Data Compilation for the WHO Global Survey of Mode of Delivery and Maternal and Perinatal Outcomes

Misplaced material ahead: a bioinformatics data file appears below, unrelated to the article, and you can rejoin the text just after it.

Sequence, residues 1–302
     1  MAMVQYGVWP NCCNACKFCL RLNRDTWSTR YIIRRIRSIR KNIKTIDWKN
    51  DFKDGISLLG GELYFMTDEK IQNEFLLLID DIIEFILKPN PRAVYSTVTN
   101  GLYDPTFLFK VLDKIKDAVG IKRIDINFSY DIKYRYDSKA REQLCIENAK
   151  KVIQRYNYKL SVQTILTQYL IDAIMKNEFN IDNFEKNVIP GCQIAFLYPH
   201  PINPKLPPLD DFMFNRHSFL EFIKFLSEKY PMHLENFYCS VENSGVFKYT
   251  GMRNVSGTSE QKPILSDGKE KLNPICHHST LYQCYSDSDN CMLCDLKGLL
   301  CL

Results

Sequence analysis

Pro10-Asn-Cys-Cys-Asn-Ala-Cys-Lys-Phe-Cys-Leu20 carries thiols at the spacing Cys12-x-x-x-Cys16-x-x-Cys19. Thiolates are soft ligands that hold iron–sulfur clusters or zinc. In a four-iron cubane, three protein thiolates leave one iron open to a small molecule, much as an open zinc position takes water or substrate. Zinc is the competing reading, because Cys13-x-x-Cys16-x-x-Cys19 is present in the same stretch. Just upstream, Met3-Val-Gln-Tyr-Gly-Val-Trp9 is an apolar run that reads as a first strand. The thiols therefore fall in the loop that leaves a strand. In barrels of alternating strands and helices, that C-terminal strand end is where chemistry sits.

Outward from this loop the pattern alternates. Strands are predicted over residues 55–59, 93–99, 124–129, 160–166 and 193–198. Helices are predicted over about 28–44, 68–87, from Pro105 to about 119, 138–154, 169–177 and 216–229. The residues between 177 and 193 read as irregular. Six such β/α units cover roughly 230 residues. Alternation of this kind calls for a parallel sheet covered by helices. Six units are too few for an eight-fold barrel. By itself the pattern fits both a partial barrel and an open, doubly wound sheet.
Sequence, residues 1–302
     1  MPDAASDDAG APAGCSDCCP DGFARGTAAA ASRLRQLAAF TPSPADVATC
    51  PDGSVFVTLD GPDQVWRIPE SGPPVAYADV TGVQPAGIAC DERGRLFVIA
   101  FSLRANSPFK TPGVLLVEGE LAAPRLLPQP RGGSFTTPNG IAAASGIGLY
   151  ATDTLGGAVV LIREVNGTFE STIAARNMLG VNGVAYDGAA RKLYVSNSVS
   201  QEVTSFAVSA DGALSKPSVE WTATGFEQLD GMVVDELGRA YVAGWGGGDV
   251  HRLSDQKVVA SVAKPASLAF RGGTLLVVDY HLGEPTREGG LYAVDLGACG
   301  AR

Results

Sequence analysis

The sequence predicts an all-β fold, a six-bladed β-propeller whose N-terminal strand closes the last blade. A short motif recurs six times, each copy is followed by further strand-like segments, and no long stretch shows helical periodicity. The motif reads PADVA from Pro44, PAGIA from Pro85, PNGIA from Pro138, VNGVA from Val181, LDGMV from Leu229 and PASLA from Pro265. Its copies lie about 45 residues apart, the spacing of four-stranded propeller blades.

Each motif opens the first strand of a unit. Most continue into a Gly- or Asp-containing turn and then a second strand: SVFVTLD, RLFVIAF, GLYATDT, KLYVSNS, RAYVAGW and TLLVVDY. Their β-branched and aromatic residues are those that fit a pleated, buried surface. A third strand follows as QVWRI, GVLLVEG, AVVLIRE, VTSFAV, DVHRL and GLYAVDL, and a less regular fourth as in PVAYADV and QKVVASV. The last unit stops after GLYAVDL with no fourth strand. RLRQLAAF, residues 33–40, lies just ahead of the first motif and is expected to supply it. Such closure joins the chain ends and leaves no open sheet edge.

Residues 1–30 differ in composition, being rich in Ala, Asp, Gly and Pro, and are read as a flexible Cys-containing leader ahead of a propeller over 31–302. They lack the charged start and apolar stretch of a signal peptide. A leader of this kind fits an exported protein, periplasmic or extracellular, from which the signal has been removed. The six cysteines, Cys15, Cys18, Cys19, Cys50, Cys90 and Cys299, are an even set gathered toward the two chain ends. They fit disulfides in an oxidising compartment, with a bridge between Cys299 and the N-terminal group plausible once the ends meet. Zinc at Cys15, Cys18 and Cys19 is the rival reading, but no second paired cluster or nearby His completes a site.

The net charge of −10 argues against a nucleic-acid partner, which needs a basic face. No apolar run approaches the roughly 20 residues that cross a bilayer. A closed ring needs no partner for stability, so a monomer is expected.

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Although in many circumstances, caesarean birth is chosen by the health care provider to improve maternal and/or neonatal outcomes, the procedure is generally connected with increased incidences of mortality or morbidity for both mother and infant. Nevertheless, the exploding numbers of c-sections in both developing and developed countries necessitates the need to reexamine the circumstances surrounding caesarean birth outcomes. The WHO is conducting a global survey of mode of delivery and maternal and perinatal outcomes that aims to enhance and improve maternal and neonatal outcomes through informed and appropriate use of cesarean section. This project focused on data collected from April 1, 2008 to March 31, 2009 from hospitals recording 1000 or more births annually. The survey consists of eight categories: personal data of the women, reproductive history, current pregnancy, labour and delivery, neonatal data, caesarean section, neonatal outcome, and maternal outcome. To commence work on the project, a data mart was created by Nova Scotia Reproductive Care Program (RCP). In addition to the given data mart, access to the 12th edition of the Nova Scotia Atlee Perinatal Database (NSAPD) Coding Manual, the 10th revision of International Statistical Classification of Diseases and Related Health Problems (ICD-10-CA), and the Canadian Classification of Health Interventions (CCI) was provided in order to do the mapping between the WHO variables and the codes. The project went through two steps: The first step, involving manual searching to find the appropriate mapping between the variable and the code sources, was a chance to explore and learn about the RCP coding system, ICD-10-CA, and CCI. The second step, using SAS to create an SAS data set that answers the survey questions, provided an opportunity to learn about new SAS functions beyond the statistical analysis functions. In the process, 73 variables were mapped directly and 75 variables were mapped indirectly. Lumping two or more codes was one of the ways to answer the survey questions. Some variables are mapped but the variables are defined differently by WHO and NSAPD. Some variables mapped to codes but there are no recorded cases in the NSAPD. Other variables are not captured in the database. The answers to some questions contain identifiable data. In order to maintain confidentiality and privacy, some answers that breach the patient privacy and confidentiality were modified or removed, depending on the joint data access committee’s decision. A joint data access committee will ensure that no unique identifier is released. Also, any type of data which can be used to identify individuals will not be released. Moreover, the investigators should commit to using a secure system for data management and analysis to ensure confidentiality and privacy. For further protection, the investigator should commit to a joint data access committee pre-submission review of publication The final product of this project was a SAS data set that answers the WHO global survey questions and will enable the researchers and investigators to perform the required research and 4 investigations about the informed and appropriate use of cesarean section in order to improve maternal and neonatal outcomes.